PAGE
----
The term "polish" pertains to the overall smoothness and condition of a diamond's surface. A diamond that is well-polished can create sharp reflections and transmit light without distortion, while a diamond that is poorly polished can appear lackluster.
Most diamonds have small imperfections, such as pits, abrasions, nicks, scratches, and burn marks, that cannot be seen without magnification. Gemological laboratories use a grading system ranging from "Poor" to "Excellent" to evaluate the quality of diamond polish. A diamond with a "Good" or better polish grade will not have any visible imperfections to the naked eye, and can only be detected by a jeweler's loupe.
When we talk about symmetry in diamonds, we are referring to the precision of its shape, outline, and alignment of its facets. If a diamond has poor symmetry, you can easily spot a distortion in its shape, and it will not sparkle as much because the light will not be transmitted correctly. Although it may seem straightforward, diamond symmetry is not as simple as it sounds. While many may assume symmetry has to do only with the diamond's shape, it actually has more to do with the alignment of the stone's facets. Gemological laboratories assess diamond symmetry using grades of "Poor," "Fair," "Good," "Very Good," and "Excellent," just as they do with diamond polish. A "Poor" grade indicates that the facet alignment is so subpar that it detracts from the diamond's appearance, which would be evident to even the least experienced buyer. While a "Fair" grade is an improvement, a diamond with better symmetry will reflect light more effectively.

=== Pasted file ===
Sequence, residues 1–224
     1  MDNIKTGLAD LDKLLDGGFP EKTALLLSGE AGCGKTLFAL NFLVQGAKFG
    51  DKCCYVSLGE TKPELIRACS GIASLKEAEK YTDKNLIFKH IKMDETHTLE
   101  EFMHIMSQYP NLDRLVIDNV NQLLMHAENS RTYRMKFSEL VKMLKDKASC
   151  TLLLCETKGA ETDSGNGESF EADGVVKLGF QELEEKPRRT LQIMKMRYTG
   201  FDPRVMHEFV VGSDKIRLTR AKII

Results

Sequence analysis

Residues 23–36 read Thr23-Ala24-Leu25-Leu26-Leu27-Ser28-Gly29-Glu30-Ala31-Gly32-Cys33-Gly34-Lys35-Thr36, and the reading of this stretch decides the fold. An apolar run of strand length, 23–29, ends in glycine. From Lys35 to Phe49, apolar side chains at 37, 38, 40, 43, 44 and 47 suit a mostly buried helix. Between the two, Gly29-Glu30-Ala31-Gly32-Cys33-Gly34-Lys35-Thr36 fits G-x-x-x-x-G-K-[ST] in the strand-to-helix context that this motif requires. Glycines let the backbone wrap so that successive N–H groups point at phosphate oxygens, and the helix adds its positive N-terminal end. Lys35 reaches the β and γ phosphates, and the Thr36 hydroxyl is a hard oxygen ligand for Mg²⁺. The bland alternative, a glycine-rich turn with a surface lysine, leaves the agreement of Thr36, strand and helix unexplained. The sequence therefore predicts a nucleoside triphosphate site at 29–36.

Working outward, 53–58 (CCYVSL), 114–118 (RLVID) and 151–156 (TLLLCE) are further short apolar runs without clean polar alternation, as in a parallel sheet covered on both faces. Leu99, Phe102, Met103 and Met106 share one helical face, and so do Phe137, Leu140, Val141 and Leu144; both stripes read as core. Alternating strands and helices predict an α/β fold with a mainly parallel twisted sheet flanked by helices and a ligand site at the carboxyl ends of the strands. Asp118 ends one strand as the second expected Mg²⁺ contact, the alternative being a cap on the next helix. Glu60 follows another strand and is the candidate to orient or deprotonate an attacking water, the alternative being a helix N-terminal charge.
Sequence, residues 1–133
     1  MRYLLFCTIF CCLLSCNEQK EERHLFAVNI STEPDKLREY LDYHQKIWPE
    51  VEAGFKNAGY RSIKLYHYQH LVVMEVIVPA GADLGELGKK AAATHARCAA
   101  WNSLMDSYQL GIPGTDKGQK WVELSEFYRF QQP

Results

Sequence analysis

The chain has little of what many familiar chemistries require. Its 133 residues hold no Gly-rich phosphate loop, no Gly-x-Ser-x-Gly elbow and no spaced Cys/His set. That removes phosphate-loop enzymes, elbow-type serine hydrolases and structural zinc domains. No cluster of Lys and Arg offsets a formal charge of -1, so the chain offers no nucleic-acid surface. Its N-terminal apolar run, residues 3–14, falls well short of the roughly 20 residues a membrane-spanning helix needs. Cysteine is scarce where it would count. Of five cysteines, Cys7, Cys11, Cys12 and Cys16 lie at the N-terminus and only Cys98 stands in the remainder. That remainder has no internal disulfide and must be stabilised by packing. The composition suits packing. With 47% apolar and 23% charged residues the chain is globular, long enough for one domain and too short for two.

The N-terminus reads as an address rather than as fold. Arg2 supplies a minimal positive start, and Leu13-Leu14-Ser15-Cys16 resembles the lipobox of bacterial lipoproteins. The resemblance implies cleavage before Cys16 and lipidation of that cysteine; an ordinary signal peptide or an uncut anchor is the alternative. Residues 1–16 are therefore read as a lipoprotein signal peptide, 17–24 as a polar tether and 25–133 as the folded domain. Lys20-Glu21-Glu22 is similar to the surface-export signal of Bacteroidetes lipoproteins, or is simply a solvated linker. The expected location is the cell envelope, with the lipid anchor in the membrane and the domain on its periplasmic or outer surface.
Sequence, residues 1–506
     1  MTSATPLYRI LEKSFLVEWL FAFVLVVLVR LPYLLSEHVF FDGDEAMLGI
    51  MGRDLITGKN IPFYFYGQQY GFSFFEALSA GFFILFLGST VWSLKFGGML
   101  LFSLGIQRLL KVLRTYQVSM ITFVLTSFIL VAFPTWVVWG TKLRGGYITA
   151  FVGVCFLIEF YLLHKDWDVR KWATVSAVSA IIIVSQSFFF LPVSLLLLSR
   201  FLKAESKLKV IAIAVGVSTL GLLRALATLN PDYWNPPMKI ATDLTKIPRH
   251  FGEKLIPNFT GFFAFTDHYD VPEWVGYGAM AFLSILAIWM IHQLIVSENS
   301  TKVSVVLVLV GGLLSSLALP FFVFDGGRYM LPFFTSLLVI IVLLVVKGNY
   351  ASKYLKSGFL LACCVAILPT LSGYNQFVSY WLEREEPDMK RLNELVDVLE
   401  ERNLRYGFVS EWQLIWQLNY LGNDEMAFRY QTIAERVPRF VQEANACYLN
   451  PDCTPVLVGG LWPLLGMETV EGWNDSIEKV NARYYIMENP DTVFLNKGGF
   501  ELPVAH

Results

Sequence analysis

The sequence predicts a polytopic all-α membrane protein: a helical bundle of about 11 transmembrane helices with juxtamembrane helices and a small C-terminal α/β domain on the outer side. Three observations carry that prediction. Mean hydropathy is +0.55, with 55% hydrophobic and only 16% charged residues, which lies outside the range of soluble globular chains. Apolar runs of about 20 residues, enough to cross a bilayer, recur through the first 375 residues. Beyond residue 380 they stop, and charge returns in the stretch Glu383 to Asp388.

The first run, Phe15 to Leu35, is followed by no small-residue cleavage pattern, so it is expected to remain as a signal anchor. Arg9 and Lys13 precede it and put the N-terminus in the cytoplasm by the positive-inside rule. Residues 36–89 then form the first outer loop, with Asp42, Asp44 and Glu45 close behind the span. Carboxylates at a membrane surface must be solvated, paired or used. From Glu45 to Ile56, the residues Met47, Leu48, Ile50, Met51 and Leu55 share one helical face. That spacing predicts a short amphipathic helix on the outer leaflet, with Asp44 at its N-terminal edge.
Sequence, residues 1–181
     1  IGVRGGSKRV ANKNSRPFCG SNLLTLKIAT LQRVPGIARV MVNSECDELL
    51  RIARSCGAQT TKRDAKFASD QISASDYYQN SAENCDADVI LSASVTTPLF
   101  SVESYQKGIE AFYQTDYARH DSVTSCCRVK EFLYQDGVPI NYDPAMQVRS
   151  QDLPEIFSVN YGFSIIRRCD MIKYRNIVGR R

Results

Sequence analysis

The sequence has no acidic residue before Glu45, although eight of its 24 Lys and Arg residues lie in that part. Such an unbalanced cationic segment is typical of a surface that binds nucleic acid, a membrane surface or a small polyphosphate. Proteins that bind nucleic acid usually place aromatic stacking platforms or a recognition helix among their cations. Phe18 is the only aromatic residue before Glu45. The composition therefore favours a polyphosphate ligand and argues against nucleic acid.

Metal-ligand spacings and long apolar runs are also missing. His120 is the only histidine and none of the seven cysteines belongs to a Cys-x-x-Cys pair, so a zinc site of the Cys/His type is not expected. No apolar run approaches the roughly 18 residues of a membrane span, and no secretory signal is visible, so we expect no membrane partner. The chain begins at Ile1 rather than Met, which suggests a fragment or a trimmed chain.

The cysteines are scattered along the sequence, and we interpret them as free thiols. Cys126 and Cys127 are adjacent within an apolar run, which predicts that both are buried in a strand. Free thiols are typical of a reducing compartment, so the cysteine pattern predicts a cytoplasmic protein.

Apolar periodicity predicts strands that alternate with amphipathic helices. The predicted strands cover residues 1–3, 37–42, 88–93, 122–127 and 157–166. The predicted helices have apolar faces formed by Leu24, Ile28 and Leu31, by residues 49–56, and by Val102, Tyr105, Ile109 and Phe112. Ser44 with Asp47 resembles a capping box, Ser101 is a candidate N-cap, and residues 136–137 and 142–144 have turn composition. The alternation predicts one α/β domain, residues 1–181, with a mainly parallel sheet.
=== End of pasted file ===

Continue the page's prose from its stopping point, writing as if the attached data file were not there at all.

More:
So, as with diamond polish, it's best to stick to grades of "Good" or better. Without a loupe and years of experience, you'll never know the difference between "Good" and "Excellent."